Common Misunderstanding: Most fundamentalists insist that Peter was never appointed by Christ as head of the Church on earth because the Church was never intended to have such an earthly head.
Sources: Keating, Fundamentalism and Catholicism; John Hardon, S.J., The Catholic Catechism; Code of Canon Law; Teaching Authority and Infallibility in the Church: Lutherans and Catholics in Dialogue VI; James Cardinal Gibbons, Faith of Our Fathers; Jurgens, The Faith of the Early Fathers;The Catechism of the Catholic Church;
Here we are dealing with several different questions: 1) Did Jesus ever desire any human being to be the visible “head” or “vicar” of the Church and did he indeed appoint Peter to be that head? 2) If so, is the Pope, as the successor of Peter infallible? 3) Did Jesus intend succession? 4) Would this detract from Jesus’ role as Head? 5) Does the supremacy of Peter conflict with the supreme dominion of Christ?
Peter and the Papacy
Peter as first bishop of Rome. Some argue that Peter was never in Rome and so could not have been the first Pope.
Not true – there are indirect allusions to Rome in Peter’s epistles.
We shouldn’t restrict our inquiry to just the Bible, but use well-known resources from the Fathers of the Church. W.A. Jurgens, The Faith of the Early Fathers has thirty references to this from the Didache to John Damascene. Keating summarizes Lorrain Boettner’s criticism:
To sum up, Boettner does not know what he is talking about when he claims there is no “historical proof of any kind” and that “all rests on legend.” The truth is that all the historical evidence is on the side of the Catholic position.” (see Keating p 201ff).
Petrine primacy. The New Testament shows evidence that Peter was first in authority among the apostles (Keating, p 205)
Peter almost always first on list of apostles (Mt 10:1-4; Mk 3:16-19; Lk 6:14-16; Acts 1:13)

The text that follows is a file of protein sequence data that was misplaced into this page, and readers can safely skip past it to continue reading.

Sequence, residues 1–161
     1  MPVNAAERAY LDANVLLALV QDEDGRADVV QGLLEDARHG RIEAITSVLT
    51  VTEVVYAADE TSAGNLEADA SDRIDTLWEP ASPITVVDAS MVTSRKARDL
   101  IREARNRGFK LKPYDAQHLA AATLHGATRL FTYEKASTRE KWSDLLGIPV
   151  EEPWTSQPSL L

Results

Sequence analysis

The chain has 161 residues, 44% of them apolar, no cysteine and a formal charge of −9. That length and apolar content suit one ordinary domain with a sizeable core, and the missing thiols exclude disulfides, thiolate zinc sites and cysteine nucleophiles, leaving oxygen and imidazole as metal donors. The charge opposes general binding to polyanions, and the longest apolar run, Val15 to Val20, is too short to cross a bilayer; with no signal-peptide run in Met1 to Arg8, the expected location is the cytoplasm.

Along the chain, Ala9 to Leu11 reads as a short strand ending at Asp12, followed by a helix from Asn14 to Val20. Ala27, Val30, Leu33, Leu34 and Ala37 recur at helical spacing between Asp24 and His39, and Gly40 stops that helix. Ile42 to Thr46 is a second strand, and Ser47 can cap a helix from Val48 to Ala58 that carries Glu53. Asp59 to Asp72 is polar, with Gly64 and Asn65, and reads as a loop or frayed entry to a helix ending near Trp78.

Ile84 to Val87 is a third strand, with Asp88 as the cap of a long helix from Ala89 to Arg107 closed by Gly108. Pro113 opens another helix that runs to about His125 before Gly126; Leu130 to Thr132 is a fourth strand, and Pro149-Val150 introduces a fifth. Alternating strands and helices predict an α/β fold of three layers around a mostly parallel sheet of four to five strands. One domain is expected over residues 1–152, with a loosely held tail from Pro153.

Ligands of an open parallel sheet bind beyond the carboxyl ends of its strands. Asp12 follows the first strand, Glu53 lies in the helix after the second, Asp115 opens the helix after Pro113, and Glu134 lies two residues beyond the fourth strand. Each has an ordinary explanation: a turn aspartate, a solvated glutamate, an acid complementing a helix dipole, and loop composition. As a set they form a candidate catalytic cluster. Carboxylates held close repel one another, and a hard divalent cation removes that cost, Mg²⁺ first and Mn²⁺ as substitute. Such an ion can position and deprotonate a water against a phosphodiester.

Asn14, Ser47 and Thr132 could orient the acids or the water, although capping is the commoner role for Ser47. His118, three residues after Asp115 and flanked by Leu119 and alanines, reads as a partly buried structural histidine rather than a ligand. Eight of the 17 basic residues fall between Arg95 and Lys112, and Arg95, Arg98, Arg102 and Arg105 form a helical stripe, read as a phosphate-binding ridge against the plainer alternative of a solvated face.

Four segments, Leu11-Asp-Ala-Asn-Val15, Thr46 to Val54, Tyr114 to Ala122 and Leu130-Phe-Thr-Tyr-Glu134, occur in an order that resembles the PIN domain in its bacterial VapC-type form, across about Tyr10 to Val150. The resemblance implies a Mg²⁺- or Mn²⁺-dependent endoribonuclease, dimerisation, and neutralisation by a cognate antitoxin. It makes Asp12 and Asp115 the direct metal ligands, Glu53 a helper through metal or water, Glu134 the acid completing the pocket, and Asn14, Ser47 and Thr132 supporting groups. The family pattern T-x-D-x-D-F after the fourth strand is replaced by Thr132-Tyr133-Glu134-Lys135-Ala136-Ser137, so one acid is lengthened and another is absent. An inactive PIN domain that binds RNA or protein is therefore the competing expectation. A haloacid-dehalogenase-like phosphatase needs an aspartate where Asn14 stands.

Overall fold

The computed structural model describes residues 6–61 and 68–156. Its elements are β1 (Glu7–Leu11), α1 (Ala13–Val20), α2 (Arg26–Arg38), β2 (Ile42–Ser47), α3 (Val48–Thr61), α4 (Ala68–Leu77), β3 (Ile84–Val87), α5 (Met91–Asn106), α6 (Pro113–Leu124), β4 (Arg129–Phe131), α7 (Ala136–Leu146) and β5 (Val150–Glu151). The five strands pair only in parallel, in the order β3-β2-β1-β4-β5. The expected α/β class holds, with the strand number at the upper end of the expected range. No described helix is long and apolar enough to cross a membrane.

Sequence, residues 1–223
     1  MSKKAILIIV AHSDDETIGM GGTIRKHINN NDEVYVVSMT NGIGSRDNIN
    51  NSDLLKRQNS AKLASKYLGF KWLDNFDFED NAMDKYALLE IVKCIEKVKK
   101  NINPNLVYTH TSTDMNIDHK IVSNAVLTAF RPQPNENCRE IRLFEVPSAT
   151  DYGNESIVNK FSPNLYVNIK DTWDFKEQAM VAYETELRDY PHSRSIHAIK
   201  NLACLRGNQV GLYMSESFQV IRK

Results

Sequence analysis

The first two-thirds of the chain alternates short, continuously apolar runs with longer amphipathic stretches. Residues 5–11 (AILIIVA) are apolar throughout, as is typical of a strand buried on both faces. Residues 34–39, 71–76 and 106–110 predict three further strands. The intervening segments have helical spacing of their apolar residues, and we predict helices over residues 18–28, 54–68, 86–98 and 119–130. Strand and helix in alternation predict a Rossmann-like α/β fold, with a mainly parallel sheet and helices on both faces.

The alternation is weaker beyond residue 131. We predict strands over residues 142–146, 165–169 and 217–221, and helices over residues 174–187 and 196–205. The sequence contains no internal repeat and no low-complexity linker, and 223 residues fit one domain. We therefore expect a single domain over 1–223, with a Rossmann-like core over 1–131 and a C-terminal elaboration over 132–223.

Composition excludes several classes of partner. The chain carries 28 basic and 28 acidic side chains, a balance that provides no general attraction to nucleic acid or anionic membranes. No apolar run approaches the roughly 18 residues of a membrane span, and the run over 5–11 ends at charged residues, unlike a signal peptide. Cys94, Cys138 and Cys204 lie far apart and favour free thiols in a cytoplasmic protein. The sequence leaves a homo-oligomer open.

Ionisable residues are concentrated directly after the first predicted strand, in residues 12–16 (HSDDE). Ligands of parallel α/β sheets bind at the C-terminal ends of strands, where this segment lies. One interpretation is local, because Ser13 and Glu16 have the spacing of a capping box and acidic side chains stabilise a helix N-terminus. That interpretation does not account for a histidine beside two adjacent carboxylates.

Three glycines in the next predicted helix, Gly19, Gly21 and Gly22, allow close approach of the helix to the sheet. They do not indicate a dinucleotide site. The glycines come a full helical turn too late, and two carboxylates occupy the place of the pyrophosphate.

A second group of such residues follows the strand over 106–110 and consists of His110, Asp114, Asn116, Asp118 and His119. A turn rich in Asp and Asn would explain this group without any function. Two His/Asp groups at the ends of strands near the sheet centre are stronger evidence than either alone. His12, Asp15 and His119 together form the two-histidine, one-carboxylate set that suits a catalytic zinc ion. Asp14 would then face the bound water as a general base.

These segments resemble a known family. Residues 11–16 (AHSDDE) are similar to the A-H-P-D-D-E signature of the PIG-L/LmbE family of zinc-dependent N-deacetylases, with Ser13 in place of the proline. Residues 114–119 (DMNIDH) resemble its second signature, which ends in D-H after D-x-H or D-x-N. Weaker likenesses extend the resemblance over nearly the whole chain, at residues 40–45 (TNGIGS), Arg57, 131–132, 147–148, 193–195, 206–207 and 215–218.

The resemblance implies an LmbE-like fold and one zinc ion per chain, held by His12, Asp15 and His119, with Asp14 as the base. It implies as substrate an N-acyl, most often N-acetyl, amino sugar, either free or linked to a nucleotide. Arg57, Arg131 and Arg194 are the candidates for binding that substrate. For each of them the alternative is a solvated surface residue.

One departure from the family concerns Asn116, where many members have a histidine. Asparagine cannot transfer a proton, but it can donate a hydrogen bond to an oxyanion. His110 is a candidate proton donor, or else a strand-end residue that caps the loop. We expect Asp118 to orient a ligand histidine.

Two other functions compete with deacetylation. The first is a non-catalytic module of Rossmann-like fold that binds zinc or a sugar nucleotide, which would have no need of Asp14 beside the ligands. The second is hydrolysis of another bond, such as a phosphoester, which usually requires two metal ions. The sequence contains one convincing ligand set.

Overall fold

Peter generally spoke for the apostles (Mt 18:21; Mk 8:29; Lk 12:41; Jn 6:69).
Peter preached first at Pentecost (Acts 2:14-40; he worked the first healing (Acts 3:6,7). Peter came to the revelation that Gentiles were to be baptized (Acts 10:46-48). Peter was named “rock” by Jesus. Always prior to this the name “rock” had been reserved to God. Peter was given the “keys to the Kingdome” (Mt 16:19, see Isa 22:22; Rev 1:18). Peter was commissioned by Jesus to strengthen his brother apostles and disciples (Lk 22:32; Jn 21:15-17). See Isa 22:22 for the background on Peter as vicar of Christ, holding the keys. Jesus prayed that Peter would not become a Shebna in official proclamations (wielding of the keys) in matters of doctrine and morals. This passage does describe a position of “vicar” or “prime minister’ who is second in power, exercising the power of one who is greater.
Church Fathers: St. Ambrose - “Where Peter is, there is the Church.” Sts. Chrysostom and Ambrose say that St. Paul’s visit to Jerusalem recorded in Gal 1:18 was “not an idle visit of ceremony but… to testify his respect and honor for the chief of the Apostles.” St. Jerome goes on to observe that “Paul went not to behold Peter’s eyes, his cheeks or his countenance, whether he was thin or stout… but to show honor to the first Apostle.”
What does the “rock” of “You are Peter, and upon this rock I will build my Church” refer to (Mt 16:18)?
“Rock” – problems of petros, little pebble, and petra, massive stone. Is the rock referred to Peter himself and/or to his faith? Note that the original would have been in Aramaic where the difference does not exist. Is Jesus really the rock, the only foundation (see Rev. 21:14 where the Apostles are the foundation? Compare to the Protestant hymn, The Church’s One Foundation). See Keating, pp 208-211 for a summary of all the issues concerning this wording.